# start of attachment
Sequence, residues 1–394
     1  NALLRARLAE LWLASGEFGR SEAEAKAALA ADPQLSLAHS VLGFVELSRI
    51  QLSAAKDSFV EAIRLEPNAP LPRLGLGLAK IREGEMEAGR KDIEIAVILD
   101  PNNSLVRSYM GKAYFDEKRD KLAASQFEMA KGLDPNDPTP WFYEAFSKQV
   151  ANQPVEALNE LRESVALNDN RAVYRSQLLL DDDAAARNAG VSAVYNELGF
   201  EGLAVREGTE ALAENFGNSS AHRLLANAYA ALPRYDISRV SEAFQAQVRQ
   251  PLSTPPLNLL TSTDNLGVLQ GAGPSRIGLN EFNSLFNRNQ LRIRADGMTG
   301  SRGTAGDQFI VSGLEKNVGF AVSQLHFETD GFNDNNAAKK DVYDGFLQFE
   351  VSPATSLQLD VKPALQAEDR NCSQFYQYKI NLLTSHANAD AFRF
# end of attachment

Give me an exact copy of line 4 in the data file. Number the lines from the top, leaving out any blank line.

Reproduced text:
   101  PNNSLVRSYM GKAYFDEKRD KLAASQFEMA KGLDPNDPTP WFYEAFSKQV